‘Cyrus is the Father, and Googoosh the Daughter, if there’s ever been one’
Familiar stranger, I love thee;
To the land of tales, take me …
I can remember it vividly: the aroma of a hot pot of fesenjoon was seeping forth from the kitchen, while I gazed at the patterns of the Persian carpet beneath my knees, tracing familiar shapes with my finger and sipping on bitter, hot tea that traced its way down my tiny throat. In the background, my parents and relatives were bandying alien words about politics, work, and the state of things in the motherland. I couldn’t have cared less, though; the little characters and shapes before me – which seemed like figures from a fantasy novel – in my indoor substitute for cloud-gazing were far more interesting. Besides, I couldn’t understand half of the things they were saying; I was a bisavad little bacheh who found solace in his daydreams, terrified of what the next school day would bring. As I was losing myself in the twists and turns on the floor, a rainbow burst forth from the television screen, demanding the attention of one and all. The notes warbled, the picture was fuzzy, and it all seemed like the stuff of an afternoon children’s programme; yet, that moment so fixed itself in my memory, that I’ll forever associate it with the shorthaired woman driving the red and green automobile behind a green screen. ‘Ee, Googoosh-e!’ I heard my mother exclaim behind me, as my eyes glued themselves to the TV. I didn’t know who this woman in the funny little car was, but I felt like I knew her; she looked a bit like my Persian teacher, I thought, and I surmised she could have been one of the endless number of cousins my parents kept telling me I had back in Iran. I didn’t dwell on things too much, though; I just knew I liked the pretty lady who sang nice songs about birds and drove a cute car.
Throughout my childhood, Googoosh continued to surface intermittently. Sometimes, while bored on lazy Sunday afternoons, when no friends were around on the block to play with, I’d go rummaging through the nooks and crannies of our house in suburban Toronto looking for treasure. Going through my parents’ cassette collection, I’d often find, among Gipsy Kings and Strunz & Farah tapes, some by Googoosh. Although nobody I asked knew Googoosh’s last name, I thought I’d finally discovered it when I came across a yellowed cover with jumbled letters that looked like the black ones on the façades of old cinemas. This time, Googoosh looked like my mother; I could see her more clearly, her dark Persian eyes, rouge lipstick, and characteristically Iranian gaze resembling something halfway between disgust and languor. ‘So that’s her last name’, I thought to myself; ‘Mahpishooni!’ I didn’t know what ‘mahpishooni’ meant, but it sounded alluring, and plausible as a Persian last name. After being processed through the mind of an eight-year old child, however, it transformed into ‘Mafishoni’. Mrs. Googoosh Mafishoni’s newest fan was a kid on a sleepy street in Thornhill.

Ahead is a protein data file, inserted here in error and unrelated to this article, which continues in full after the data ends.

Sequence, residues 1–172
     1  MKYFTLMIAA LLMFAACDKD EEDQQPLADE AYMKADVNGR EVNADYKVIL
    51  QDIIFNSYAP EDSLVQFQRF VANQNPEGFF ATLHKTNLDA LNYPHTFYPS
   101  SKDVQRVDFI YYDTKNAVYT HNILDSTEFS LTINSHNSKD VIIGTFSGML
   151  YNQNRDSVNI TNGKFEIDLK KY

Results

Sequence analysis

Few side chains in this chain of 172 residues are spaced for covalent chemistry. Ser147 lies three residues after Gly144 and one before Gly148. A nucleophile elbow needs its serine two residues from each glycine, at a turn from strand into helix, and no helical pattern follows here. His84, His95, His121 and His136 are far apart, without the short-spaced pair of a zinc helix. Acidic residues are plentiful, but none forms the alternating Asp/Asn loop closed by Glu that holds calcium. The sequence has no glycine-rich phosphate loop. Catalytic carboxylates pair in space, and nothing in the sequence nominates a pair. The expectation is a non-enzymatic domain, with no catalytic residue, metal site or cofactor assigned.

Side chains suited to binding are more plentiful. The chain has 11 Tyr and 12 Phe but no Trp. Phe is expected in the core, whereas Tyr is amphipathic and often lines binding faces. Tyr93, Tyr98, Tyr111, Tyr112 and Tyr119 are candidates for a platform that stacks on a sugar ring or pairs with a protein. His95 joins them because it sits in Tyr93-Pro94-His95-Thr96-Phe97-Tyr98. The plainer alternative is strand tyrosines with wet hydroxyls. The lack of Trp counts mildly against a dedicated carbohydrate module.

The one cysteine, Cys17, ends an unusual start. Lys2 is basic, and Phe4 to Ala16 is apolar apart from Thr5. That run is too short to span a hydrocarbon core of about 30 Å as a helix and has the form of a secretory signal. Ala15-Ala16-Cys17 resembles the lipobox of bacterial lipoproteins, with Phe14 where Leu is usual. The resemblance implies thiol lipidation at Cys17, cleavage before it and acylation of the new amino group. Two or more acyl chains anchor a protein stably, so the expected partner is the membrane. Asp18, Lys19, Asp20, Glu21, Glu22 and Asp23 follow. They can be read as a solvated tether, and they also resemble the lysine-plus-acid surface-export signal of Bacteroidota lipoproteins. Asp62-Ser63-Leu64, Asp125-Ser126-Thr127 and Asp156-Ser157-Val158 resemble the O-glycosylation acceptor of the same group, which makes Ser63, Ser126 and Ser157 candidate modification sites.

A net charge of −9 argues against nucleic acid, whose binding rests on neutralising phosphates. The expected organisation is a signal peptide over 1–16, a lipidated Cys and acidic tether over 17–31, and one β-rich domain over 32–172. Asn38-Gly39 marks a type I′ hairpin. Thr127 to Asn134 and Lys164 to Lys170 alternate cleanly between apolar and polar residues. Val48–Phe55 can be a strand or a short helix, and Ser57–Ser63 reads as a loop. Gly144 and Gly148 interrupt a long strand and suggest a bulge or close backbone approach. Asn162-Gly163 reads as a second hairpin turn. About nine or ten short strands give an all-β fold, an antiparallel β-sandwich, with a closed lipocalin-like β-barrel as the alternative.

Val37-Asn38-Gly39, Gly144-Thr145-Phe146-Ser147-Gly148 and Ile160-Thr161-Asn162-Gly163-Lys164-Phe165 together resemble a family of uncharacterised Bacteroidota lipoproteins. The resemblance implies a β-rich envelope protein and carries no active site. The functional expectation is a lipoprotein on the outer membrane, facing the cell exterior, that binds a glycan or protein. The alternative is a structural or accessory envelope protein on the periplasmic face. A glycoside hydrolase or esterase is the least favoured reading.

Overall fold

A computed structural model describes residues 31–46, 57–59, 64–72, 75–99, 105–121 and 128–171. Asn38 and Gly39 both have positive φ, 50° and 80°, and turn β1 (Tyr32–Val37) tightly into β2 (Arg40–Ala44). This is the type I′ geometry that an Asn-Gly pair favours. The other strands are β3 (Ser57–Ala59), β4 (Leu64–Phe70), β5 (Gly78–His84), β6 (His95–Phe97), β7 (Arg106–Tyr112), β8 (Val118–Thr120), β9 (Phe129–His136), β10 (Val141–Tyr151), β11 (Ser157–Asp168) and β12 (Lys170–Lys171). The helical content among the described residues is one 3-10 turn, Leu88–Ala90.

Although Googoosh wasn’t the only pre-Revolution pop star featured on my relatives’ televisions and radios, I always felt, somewhat instinctively, that she was in a class of her own. Ebi looked like the sort of person I’d see in a chelo kababi restaurant, and was apparently quite the drinker; as such, in my child’s mind, I saw him as an addict, a very bad man. Only in my twenties would I rediscover him as the epitome of rock and roll; and, as my father could never stand Dariush (and still can’t), him I crossed off my list as well. With sonnati music seeming to my ears like melancholia from another planet, it only left Googoosh, whom I came to identify with Persian music altogether. Everybody loved Googoosh, and as a child, she became something of a maternal figure to me, a woman to revere and idolise. Even in my teens, I hadn’t heard most of her songs, and couldn’t, like some of my other Iranian friends, recite verses of her tunes by heart; but I still loved her – albeit in a very different way than I loved the Stones.
‘There’s the air you breathe, the water you drink, the food you eat, and the Rolling Stones’, Keith Richards once said, remarking on his band’s longevity. ‘And Googoosh’, I would have added. For all her fame and prominence, however, her voice will not bring to my mind any of the rather grandiose statements and remarks I’ve just made, but rather, that pretty, shorthaired lady in the funny automobile of simpler, innocent days.
Originally published on REORIENT
A Persian translation of this article will appear in the accompanying magazine of the Tirgan Iranian Festival in Toronto (August 20 – 23, 2015)
Cover image: Afsoon – Googoosh (detail; from the Fairytale Icons series)
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